Blender is an open-source and free 3D content creation package that according to its official website "supports the entirety of the 3D pipeline—modeling, rigging, animation, simulation, rendering, compositing and motion tracking, even video editing and game creation." The software has been collaboratively developed by a range of people, from professionals to enthusiasts. This software supports both a GUI, as well as Python scripting. The current review is based on the GUI.

Tutorial for Hello World

Without experience, a 'Hello World' took ten minutes, most of which was spent on finding the right buttons or shortcuts.

Minimum/Recommended System Requirements

Three button mouse is highly recommended!



  • 32-bit dual core 2Ghz CPU with SSE2 support


  • OpenGL 2.1 w/ 512 MB RAM


  • 2 GB RAM, 1 GB available space

Sound Card

  • DirectX Compatible Sound Card with latest drivers

Operating system

  • Windows Vista and above, Mac OSX 10.6 and above, Linux



  • 64-bit quad core CPU


  • OpenGL 3.2 compatible graphics with 2 GB RAM


  • 8 GB RAM



  • Beginner: no experience with the GUI or overall workflow| 1 hour

  • Intermediate: some experience with the GUI and overall workflow | <30 min.

  • Advanced: experience with the GUI and overall workflow | <30 min.

  • Expert: lots of experience with the GUI and overall workflow | <10 min.


  • High: powerful rendering engine for three dimensional models at various levels of detail. The entire software runs on OpenGL, including the GUI, through which all 3D interactions in any of the modeling environments run very smoothly.

  • The workflow is somewhat excentric, but once understood logical. However, there is no clear roadmap as to what workflow works best for this software. This masks some of the functionality, such as the animation editor and node editors that are highly powerful and useful tools in modeling.

  • Blender integrates seamlessly with Unity3D. Just save .blend-files in your Unity project's assets folder, and they are immediately ready for use; updates to the Blender file will automatically update your Unity instances as well.

  • Once modeled, textured, and animated, projects can be baked into any file-format required by the next piece of software in your pipeline. Outputting a 250-frame animation to MPEG-2 at 1080 x 1920 at 100% quality may take two hours on Windows 7 64-bit, 2.90 ghz (i7-4600M) @ 16 GB RAM.


  • Asset creation: excellent tool for constructing objects and assets from scratch. Highly powerful as standalone software, though not intended as such. Use in conjunction with other software packages, such as Photoshop (for texture editing) and Unity (for scene creation), rather than expecting Blender to do it all.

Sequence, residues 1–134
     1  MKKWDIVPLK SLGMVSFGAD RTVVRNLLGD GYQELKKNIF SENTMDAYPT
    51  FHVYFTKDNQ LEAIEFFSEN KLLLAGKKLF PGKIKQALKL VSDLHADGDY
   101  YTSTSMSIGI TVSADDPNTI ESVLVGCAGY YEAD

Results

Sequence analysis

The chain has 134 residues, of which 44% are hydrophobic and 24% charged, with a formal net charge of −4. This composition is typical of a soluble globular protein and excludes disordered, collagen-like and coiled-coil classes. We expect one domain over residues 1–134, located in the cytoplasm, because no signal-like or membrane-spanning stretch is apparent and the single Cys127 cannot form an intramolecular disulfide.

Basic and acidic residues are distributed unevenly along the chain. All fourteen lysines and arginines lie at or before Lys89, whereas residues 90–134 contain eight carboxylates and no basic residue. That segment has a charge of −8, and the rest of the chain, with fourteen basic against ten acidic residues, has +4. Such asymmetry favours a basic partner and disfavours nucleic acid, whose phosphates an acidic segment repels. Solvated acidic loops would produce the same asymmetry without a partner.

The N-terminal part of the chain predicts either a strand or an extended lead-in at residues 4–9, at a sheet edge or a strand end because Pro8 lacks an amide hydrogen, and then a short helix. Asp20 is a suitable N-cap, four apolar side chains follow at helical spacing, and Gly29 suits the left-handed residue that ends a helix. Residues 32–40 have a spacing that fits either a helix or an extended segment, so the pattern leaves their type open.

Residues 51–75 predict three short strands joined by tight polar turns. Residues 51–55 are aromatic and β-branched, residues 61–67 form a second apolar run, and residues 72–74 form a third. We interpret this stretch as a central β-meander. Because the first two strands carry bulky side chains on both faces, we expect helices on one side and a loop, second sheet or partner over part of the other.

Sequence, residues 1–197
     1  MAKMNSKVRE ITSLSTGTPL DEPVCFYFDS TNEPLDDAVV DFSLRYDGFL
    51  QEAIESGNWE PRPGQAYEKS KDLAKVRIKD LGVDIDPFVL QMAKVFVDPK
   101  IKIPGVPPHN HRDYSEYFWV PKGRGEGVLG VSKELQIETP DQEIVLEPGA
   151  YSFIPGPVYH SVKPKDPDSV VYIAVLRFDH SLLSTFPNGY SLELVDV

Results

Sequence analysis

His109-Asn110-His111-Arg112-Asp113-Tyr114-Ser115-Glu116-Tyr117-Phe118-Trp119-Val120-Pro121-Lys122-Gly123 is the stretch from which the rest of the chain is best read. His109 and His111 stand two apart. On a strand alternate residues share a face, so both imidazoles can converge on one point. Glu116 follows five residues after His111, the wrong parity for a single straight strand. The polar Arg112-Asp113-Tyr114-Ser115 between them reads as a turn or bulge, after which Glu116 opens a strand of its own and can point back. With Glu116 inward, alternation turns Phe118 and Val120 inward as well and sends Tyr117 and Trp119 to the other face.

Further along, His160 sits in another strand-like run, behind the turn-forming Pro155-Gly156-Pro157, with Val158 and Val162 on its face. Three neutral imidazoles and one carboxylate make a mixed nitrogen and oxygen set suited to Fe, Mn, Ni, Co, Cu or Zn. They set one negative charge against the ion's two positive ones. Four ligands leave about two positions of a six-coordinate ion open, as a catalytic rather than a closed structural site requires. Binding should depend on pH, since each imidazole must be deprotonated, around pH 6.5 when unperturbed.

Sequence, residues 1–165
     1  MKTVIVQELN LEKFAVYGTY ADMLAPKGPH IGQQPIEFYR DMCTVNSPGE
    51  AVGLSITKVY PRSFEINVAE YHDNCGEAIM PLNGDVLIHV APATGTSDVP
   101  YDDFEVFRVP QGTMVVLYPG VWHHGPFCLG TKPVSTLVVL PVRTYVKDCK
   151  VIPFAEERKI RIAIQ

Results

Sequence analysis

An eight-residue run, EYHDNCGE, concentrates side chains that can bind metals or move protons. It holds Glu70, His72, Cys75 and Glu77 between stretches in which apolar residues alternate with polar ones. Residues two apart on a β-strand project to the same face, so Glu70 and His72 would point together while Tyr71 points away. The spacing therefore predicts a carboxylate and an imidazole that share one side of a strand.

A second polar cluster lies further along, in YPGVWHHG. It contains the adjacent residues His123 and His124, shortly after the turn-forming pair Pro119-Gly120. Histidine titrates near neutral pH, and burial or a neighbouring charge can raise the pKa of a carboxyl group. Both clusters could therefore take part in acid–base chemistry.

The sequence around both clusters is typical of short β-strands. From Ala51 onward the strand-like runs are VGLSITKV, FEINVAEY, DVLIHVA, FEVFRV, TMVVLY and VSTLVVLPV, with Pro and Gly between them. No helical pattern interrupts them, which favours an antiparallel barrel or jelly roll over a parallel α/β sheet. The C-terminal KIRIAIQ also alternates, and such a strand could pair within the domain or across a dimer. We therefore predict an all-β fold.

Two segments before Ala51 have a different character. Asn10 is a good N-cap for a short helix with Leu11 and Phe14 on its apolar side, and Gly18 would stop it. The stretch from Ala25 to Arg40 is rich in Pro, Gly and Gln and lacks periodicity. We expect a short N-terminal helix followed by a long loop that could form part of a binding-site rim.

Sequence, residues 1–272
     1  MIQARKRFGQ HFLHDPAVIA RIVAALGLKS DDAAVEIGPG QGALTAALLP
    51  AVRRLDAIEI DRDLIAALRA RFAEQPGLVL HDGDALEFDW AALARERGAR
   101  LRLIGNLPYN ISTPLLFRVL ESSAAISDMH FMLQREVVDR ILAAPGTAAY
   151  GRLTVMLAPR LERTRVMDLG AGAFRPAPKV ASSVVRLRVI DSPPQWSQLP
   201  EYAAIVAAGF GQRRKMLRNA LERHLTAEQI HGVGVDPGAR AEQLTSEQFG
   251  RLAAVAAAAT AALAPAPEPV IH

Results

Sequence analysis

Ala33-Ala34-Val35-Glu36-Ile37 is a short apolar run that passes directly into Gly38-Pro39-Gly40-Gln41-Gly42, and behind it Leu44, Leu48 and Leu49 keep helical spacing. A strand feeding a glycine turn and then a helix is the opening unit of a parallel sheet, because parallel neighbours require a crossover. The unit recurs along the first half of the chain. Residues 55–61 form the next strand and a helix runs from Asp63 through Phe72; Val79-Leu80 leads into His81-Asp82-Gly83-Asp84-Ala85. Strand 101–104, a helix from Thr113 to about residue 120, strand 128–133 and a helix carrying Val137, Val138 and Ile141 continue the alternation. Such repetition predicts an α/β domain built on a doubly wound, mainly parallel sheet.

• Other: has a built-in game engine and supports animation. The animation components work reasonably well, and are not to uncommon in their use (e.g. keyframes and frame-by-frame rendering). However, the game engine uses a Visual Programming Language that is not always intuitive. Although the software allows games to be run within the software, it is limited in its capabilities (for example, one can model an ocean, yet not display it in the game engine environment) and therefore should not be used for the entire production pipeline.


Overall, Blender is a really powerful tool in the modeling process, but one of many. The interface is not intuitive and does require a great deal of exploration on the user's part. User input (e.g. mouse-buttons) do not always correspond to common use (e.g. right-click selects rather than left-click) and the user will have great trouble finding the right functions. It is highly recommended for users to use key combinations and shortcuts! Blender can anything required in modeling, including physics simulation, and does it well though does so at the cost of learning.

Blender: getting to know Blender

Installation instructions

Tutorial #1: 'Hello World'; get a handle on the basics of Blender's GUI; learn some shortcuts that will make your life easier. Time: ~30 min.

Tutorial #2: 'Hello World' meet 'Sphere'; create simple objects that interact with each other. Time: ~30 min.

Tutorial #3: 'Hello World' and 'Bye World'; follow-up to Tutorial #2 with multiple objects interacting. Time: ~30 min.

Tutorial #4: 'Baking Stars for VR'; how to make a 360 degree video that you can view through YouTube on your mobile phone. Time: ~30 min. + n-hours bake-time.

BlenderVR: from Blender to VR

Installation instructions

Tutorial #1: 'Setting up BlenderVR'; a brief tutorial explaining some of the basics on how to setup and use BlenderVR. Time: ~30 min.

By Martin